Top 5 Coolest Scientific Finds and Accomplishments of 2012

These past 12 months were nothing if not filled with scientific breakthroughs

Scientists are well known for their restless minds and for their eagerness to constantly push the boundaries of human knowledge.

Therefore, it need not surprise anybody that these past twelve months were filled with major scientific breakthroughs, some of which can be labeled as “cool,” to say the least.

Without further ado, here are the Top 5 major finds and accomplishments of 2012.

5. James Cameron Went Snorkeling in the Mariana Trench

Back in March, daredevil James Cameron set out to explore the Mariana Trench, and made it all the way to the whopping depth of 10,900 meters (6.772 miles).

A few months later, he agreed to share some of his findings with members of the scientific community and argued that the outcrops and microbial communities he found at the bottom of the ocean have the potential to explain how life came about on Earth.

More precisely, some of the phenomena now taking place in the Mariana Trench shed new light on a very important transition: the one from geochemistry to biochemistry.

4. HIV Was Used to Cure Cancer

A 7-year-old girl succeeded in overcoming her leukemia with the help of an altered form of HIV, the AIDS-causing virus.

Despite the fact that this medical experiment almost cost Emma Whitehead her life when she and her doctors embarked on this endeavor, things turned out more than OK in the end.

In order to cure this girl's leukemia, scientists used the altered forms of the HIV virus as a genetic material carrier, and “injected” millions of Emma's T-cells (i.e. a type of white blood cells) with new genes.

Later on, these T-cells took care of destroying the cancerous ones.

3. Curiosity Paid Mars a Visit

On August 6, NASA's Curiosity Rover landed on Mars, and soon enough it started taking pictures of this foreign world and sending them back home.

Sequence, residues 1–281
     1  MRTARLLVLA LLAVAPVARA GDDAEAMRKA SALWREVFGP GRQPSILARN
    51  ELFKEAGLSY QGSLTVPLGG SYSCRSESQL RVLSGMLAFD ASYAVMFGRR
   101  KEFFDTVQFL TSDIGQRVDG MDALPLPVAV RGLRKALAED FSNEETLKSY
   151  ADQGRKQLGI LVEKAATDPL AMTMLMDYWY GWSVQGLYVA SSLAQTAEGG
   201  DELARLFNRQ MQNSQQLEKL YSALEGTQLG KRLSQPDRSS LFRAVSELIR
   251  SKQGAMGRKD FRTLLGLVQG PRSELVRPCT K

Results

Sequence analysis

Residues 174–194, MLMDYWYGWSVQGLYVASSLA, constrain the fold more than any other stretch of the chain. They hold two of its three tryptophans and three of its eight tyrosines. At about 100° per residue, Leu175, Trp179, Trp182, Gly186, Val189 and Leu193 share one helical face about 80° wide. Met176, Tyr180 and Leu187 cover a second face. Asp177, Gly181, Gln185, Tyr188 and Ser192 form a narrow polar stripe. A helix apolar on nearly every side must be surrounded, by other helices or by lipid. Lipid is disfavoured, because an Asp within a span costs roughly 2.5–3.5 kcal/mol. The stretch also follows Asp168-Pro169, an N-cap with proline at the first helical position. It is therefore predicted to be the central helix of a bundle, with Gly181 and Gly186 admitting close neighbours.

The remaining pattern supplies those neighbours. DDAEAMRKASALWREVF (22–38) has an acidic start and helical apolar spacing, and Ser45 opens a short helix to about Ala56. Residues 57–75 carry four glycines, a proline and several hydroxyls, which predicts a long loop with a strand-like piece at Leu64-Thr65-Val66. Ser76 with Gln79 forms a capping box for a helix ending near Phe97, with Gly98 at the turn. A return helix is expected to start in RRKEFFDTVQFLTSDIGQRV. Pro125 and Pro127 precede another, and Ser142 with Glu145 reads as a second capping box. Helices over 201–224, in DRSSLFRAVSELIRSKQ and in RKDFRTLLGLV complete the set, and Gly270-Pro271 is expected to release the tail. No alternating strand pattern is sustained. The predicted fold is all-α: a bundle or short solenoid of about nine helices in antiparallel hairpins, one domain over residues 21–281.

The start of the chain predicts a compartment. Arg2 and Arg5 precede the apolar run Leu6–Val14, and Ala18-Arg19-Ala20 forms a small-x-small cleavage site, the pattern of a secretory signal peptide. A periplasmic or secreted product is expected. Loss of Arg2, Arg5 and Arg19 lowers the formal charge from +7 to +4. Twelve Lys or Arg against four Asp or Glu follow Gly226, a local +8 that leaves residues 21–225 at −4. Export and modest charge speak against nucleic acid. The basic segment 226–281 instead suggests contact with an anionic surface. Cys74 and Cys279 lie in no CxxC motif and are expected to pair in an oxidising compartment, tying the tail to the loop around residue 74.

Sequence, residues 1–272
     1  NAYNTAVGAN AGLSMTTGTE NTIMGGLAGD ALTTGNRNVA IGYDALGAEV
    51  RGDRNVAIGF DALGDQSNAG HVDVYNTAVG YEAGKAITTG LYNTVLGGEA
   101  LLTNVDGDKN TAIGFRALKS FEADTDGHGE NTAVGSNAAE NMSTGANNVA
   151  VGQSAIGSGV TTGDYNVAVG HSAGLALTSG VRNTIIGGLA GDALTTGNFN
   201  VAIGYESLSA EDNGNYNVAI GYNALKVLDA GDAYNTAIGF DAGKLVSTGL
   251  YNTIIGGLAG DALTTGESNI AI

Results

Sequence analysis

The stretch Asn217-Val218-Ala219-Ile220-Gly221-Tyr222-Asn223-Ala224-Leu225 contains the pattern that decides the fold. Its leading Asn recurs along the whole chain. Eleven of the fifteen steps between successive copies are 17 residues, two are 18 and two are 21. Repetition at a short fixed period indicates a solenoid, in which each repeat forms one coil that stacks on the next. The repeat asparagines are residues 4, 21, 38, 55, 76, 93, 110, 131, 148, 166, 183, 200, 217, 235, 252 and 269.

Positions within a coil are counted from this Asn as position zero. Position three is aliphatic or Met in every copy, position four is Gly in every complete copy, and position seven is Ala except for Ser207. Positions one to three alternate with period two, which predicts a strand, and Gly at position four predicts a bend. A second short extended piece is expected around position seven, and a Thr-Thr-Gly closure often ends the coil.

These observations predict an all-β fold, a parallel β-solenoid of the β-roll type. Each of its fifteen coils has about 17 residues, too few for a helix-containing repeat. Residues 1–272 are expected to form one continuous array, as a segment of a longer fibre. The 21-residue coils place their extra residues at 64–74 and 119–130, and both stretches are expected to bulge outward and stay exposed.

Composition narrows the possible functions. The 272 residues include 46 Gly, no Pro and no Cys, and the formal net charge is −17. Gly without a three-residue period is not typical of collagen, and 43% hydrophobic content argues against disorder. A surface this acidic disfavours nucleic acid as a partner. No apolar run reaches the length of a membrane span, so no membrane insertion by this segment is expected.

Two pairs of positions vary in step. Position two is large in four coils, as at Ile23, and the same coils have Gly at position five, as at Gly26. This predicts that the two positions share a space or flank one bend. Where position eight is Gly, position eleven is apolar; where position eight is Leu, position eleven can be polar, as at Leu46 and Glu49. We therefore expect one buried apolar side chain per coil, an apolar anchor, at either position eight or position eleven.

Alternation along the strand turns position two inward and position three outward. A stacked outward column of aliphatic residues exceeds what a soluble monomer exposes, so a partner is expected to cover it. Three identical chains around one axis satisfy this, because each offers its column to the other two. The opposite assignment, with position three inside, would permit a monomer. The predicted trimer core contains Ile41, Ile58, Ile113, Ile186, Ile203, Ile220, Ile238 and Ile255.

“NASA's Curiosity rover has landed on Mars! Its descent-stage retrorockets fired, guiding it to the surface. Nylon cords lowered the rover to the ground in the ‘sky crane’ maneuver,” read NASA's post concerning this achievement.

The rover was sent on its way on November 26, 2011. At first, NASA stated that Curiosity would spend two years on Mars. Still, they later decided to extend its mission over an indefinite period.

Curiosity's working agenda revolves around investigating the Martian climatology and geology and paving the way for future human explorations.

2. The Previous Record for Quantum Teleportation Was Broken

This past September, the European Space Agency managed to set a new world record for quantum teleportation.

All the science talk concerning this achievement can be summarized as follows: the hallmarks of a single photon were reproduced at a distance of 143 kilometers (88.85 miles).

In order to do so, researchers had to place two photons located relatively far from each other in a state of quantum entanglement, and then translate physical properties from one of them to the second.

Scientists hope that it will not be long until they succeed in teleporting particles to a satellite in space.

1. The Elusive Higgs Boson Was Discovered

Granted, scientists are only 99,9999998% sure that what they found is in fact the Higgs Boson, but seeing how this particle stands at the core of modern physics, here's hoping.

The discovery of this particle was announced by researchers working at the Large Hadron Collider back in July, after a search that only lasted for about five decades.

The Higgs boson is argued to give subatomic elements (i.e. protons and neutrons) their mass, which is why scientists believe that it can explain and describe the interactions of all particles and forces known to man thus far.

More information on this scientific breakthrough will be made available to the general public this coming spring.

Hopefully, the year 2013 will prove to be at least as fruitful as 2012 was.

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